With news of an Earl Thomas contract extension surfacing Monday afternoon, the Seahawks’ next target for a long-term deal will likely be star cornerback Richard Sherman, who is set to enter free agency next offseason.
According to a report by Jason La Canfora of CBSSports.com, the Seahawks have been working on an extension for the 26-year-old Sherman and are “zeroing in” on a deal. The report also states that Sherman’s next contract will make him the highest-paid cornerback in the NFL.
It shouldn’t come as a surprise that Sherman will have the richest contract for a cornerback whenever he does end up signing his next deal. Sherman has emerged as the best corner in the league and is one of the young cornerstones of the Seahawks’ franchise.
Sherman led the league in interceptions last year with eight despite the fact that teams are hesitant to throw his way, and has consistently eliminated other teams’ top receiver during his three years in the NFL. According to Pro Football Focus, Sherman and teammate Byron Maxwell were the only two cornerbacks in the league to allow a quarterback rating of less than 50 when thrown at.
While he is an incredibly valuable player, the Seahawks are going to eventually have to decide how much is too much for Sherman. If the report is corrects and Sherman indeed becomes the highest paid corner in the league, he will be looking for an annual salary greater than Darrelle Revis’ current rate of $12 million per year.
Thomas’ extension is reportedly worth four years and $40 million of new money in addition to his rookie deal, placing him just ahead of Jairus Byrd as the highest-paid safety in the league. It was an expensive move to be sure, but one that had to be made given how important Thomas is to the defensive scheme the Seahawks run.
If the Seahawks can get something similar with Sherman–a contract that makes him the highest paid at his position in the NFL but doesn’t go far overboard–they will be in great shape. A deal for around $13 million per year is one Seattle should absolutely accept.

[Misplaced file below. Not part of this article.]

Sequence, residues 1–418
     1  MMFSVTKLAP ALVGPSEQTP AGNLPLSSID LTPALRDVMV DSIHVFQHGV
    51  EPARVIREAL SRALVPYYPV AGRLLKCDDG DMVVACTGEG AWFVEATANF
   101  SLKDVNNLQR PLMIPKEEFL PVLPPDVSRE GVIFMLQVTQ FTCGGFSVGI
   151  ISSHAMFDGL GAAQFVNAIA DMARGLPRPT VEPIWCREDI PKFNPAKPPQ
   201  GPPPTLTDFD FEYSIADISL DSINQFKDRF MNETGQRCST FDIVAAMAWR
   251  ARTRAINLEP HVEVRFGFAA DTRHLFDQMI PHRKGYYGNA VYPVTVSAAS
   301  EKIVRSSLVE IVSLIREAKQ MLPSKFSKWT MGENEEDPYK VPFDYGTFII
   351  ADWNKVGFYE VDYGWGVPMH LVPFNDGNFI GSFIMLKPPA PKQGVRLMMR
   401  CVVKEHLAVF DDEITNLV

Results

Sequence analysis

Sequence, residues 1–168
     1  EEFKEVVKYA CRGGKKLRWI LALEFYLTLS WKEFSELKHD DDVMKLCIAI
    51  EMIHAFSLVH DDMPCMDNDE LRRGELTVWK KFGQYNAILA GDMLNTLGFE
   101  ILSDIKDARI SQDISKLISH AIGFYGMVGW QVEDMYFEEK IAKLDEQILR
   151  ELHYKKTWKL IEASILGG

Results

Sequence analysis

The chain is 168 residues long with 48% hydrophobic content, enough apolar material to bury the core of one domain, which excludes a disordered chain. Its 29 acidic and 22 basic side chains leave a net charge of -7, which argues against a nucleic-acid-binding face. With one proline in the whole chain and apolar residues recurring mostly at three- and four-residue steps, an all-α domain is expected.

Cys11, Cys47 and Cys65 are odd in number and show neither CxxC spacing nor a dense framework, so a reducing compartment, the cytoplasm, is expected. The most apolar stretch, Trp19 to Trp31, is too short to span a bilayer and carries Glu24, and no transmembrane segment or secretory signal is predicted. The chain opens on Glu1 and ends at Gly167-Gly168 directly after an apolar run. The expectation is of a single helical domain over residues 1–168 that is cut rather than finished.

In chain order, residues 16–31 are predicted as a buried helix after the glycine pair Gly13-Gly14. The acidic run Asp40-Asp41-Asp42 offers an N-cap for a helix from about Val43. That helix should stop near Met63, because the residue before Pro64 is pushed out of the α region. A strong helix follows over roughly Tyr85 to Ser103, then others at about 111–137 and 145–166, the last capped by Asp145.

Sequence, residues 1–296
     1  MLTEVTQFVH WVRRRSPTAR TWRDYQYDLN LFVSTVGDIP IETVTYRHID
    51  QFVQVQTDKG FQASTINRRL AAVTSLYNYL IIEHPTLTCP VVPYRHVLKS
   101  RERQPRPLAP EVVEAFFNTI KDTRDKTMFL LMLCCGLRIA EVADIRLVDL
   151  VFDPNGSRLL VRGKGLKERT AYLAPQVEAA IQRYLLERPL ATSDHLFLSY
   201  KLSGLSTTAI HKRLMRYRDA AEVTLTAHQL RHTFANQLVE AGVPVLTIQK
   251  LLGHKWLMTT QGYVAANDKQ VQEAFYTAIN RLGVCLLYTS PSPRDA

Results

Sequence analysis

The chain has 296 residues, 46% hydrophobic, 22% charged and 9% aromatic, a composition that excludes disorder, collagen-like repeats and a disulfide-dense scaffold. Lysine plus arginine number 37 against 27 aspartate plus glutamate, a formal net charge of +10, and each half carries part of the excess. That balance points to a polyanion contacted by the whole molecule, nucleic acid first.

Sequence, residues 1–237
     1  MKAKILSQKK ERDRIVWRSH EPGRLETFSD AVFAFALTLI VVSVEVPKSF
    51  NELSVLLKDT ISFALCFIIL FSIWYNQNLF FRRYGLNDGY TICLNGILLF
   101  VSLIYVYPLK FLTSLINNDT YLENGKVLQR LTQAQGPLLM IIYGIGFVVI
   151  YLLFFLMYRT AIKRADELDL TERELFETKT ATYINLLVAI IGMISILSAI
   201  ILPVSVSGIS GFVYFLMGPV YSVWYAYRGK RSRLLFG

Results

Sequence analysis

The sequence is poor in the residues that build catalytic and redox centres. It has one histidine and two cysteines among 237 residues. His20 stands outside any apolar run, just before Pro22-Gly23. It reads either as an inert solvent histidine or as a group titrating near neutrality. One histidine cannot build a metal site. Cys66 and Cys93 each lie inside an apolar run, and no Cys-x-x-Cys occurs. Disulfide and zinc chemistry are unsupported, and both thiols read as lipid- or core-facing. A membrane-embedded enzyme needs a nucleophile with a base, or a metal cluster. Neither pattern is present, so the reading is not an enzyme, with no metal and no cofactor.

However, if Sherman is looking to become the highest-paid cornerback ever and eclipse Revis’ 6-year, $96 million contract with the Tampa Bay Buccaneers a year ago, that’s a different story. That contract didn’t include any guaranteed money (eventually leading Revis to be cut this offseason) whereas Sherman’s almost certainly will, and Seattle simply can’t afford to pay Sherman $16 million per season.
There are a number of young players the Seahawks must be mindful of, but none are more important than Russell Wilson, who will be a free agent in 2016. If it comes down to retaining Sherman and retaining Wilson, Seattle must choose the latter.
Sherman and Thomas are the best at their positions in the NFL, and nobody is going to argue that Wilson is the best quarterback in the league. But finding a franchise quarterback that can lead a team to the Super Bowl is such a difficult task. The Seahawks have to prioritize the quarterback position for the long term.
Can the Seahawks afford a $13 million contract for Sherman and a potential $20 million contract for Wilson? It looks difficult from the outside, but the Seahawks have an outstanding front office that did well with the Thomas and Michael Bennett deals this offseason.
It would be difficult to see Sherman, the leader of Seattle’s iconic “Legion of Boom,” leave in free agency. But if keeping Sherman comes at the cost of losing Wilson, Bobby Wagner, K.J. Wright or others, it’s an option the Seahawks have to consider.
Photo Credit: Elaine Thompson / Associated Press
Latest posts by Nathaniel Reeves (see all)
- Seahawks vs. Panthers: 3 lessons learned from Seattle’s Divisional Round loss - January 19, 2016
- 5 keys to a successful Seahawks playoff run - January 5, 2016
- Browns vs. Seahawks: 3 lessons learned from Seattle’s win vs. Cleveland - December 22, 2015